Aschkenasy makes a convincing case for Deborah’s unifying role not just in the sense of bringing the tribes of Israel together but also in terms of gender politics. She balances female might as a military commander and a woman’s protective maternal role as a “mother.” In the song she chants with Barak, an interesting grammatical form is used:

“The verb vatashar, literally ‘and she sang,’… refers to a female singer. Yet there are two syntactic subjects attached to this verb, Deborah and Barak…We might see in this peculiar grammar, which wreaks havoc on the principle of gender differentiation in Hebrew, another confirmation of Deborah’s method of defusing potentially incendiary situations. Although she alone produced the song, she lets Barak share in the credit so that the effect is one of unity and accord between the prophet and the solder, the spiritual leader and the man of action, female and male. This method is further exhibited in Deborah’s carefully structured verse: ‘Awake awake Deborah / awake awake utter a song: Arise Barak / and lead away your captive (5:12)” (Aschkenasy, Women, p.34).

Deborah is the only judge who combines religious, military, judicial and literary leadership (in the form of inspirational singing and storytelling). The more I study the great women leaders of the Bible, the more I am convinced that there wasn’t a sharp distinction between victory singers, wise women and female prophets in ancient Israel. Thus if we study all the biblical women who fulfilled these various roles we may find that female religious functionaries were more prevalent than we thought at first glance.

For Further Reading

Ackerman, Susan – “Asherah/Asherim”

Ackerman, Susan – Under Every Tree: Popular Religion in Sixth Century Judah (Eisenbrauns, 1992)

Ackerman, Susan – Warrior, Dancer, Seductress, Queen (New York: Doubleday, 1998)

Aschkenasy, Nehama – Eve’s Journey: Feminine Images in Hebraic Literary Tradition (Philadelphia: University of Pennsylvania Press, 1986)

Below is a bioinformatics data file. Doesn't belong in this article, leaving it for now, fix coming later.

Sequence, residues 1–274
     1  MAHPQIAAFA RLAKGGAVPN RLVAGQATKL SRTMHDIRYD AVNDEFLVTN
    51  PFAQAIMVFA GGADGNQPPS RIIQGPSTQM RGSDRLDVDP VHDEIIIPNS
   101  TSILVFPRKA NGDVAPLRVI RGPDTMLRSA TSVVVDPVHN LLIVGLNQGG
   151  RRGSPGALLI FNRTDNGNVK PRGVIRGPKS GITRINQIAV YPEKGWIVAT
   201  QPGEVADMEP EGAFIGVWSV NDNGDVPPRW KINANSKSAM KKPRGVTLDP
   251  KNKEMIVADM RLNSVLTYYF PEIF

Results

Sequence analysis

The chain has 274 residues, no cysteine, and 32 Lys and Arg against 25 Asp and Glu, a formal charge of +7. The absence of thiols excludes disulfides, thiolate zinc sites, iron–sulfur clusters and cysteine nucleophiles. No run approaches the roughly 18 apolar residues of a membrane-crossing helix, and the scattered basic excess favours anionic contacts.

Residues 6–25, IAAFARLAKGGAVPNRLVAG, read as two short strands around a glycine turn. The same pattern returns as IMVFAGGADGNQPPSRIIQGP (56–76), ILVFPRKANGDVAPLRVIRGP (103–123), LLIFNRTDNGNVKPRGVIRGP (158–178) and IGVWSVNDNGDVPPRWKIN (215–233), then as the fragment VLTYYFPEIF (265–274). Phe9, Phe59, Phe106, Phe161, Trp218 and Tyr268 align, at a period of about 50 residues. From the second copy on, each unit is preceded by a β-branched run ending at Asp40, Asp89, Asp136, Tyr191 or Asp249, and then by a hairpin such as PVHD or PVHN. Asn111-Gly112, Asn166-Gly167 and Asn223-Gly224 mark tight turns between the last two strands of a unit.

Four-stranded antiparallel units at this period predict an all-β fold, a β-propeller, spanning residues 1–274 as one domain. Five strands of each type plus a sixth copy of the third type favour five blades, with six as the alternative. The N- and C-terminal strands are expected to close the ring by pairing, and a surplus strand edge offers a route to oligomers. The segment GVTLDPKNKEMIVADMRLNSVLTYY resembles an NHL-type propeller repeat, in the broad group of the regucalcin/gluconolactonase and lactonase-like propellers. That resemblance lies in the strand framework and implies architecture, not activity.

Aschkenasy, Nehama – Women at the Window: Biblical Tales of Oppression and Escape (Michigan: Wayne State University Press, 1998)

Bal, Mieke – Death and Dissymmetry: The Politics of Coherence in the Book of Judges (Chicago: University of Chicago Press, 1988)

Bal, Mieke – Murder and Difference: Gender, Genre and Scholarship on Sisera’s DeathMatthew Gumpert, trans. Indiana Studies in Biblical Literature. (Bloomington: Indiana University Press, 1988)

Bellis, Alice Ogden – Helpmates, Harlots, and Heroes: Women’s Stories in the Hebrew Bible (Westminster: John Knox Press, 1994)

Berquist, Jon L. – Reclaiming her Story: The Witness of Women in the Old Testament (St. Louis: Chalice, 1992)

Block, Daniel I. – “Deborah Among the Judges: The Perspective of the Hebrew Historian” in Faith, Tradition, and History: Old Testament Historiography in its Near Eastern ContextAlan R. Millard, James K. Hoffmeier, and David W. Baker, eds. (Winona Lake, Ind.: Eisenbrauns, 1994) 229-53.

Block, Daniel I. – “Why Deborah’s Different” Bible Review (Jun 2001), 34-40, 49-52.

Bronner, Leila Leah – Stories of Biblical Mothers: Maternal Power in the Hebrew Bible (Dallas: University Press of America, 2004)

Craigie, Peter C. – “The Song of Deborah and the Epic of Tukulti-Ninurta” Journal of Biblical Literature 88 (1969) 253-65.

Dafni, Amots – “The supernatural characters and powers of sacred trees in the Holy Land” –

Dempster, Stephen G. – “Mythology and History in the Song of Deborah” Westminster Theological Journal, 41 (1978) 33-53.

Exum, J. Cheryl – “‘Mother in Israel’: A Familiar Figure Reconsidered” in Feminist Interpretation of the Bible, Letty M. Russell, ed. (Philadelphia: Westminster, 1985) 73-85.

Fewell, Danna Nolan and David M. Gunn – “Controlling Perspectives: Women, Men, and the Authority of Violence in Judges 4 and 5” Journal of the American Academy of Religion 58 (1990) 389-411.

Frymer-Kensky, Tikva S. – Reading the Women of the Bible: A New Interpretation of their Stories (New York: Schoken Books, 2002)

Gafney, Wilda C. – Daughters of Miriam: Women Prophets in Ancient Israel

Globe, Alexander – “Literary Structure and Unity of the Song of Deborah” Journal of Biblical Literature 93 (1974) 493-512.

Goitein, S.D. – “Women as Creators of Biblical Genres.” Prooftexts 8 (1988) 1-33.

Klein, Lillian R. – From Deborah to Esther: Sexual Politics in the Hebrew Bible (Minneapolis: Fortress, 2003)

Meyers, Carol – Discovering Eve, Ancient Israelite Women in Context (New York: Oxford Univ. Press, 1988)

Poethig, Eunice – The Victory Song Tradition of the Women of Israel, Ph.D. dissertation from Union Theological Seminary, 1985

Rasmussen, R.C. – “Deborah the Woman Warrior,” Anti-Covenant: Counter-reading Women’s Lives in the Hebrew Bible, M. Bal, ed. Journal for the Study of the Old TestamentSup 81. (Sheffield, Eng.: Almond, 1989) 79-93.

Sarna, Nahum M. – Genesis: The Traditional Hebrew Text with the New JPS Translation (The Jewish Publication Society, 2001)

Yee, Gale A. – “By the Hand of a Woman: The Metaphor of the Woman Warrior in Judith” Semeia 61 (1993) 99-132.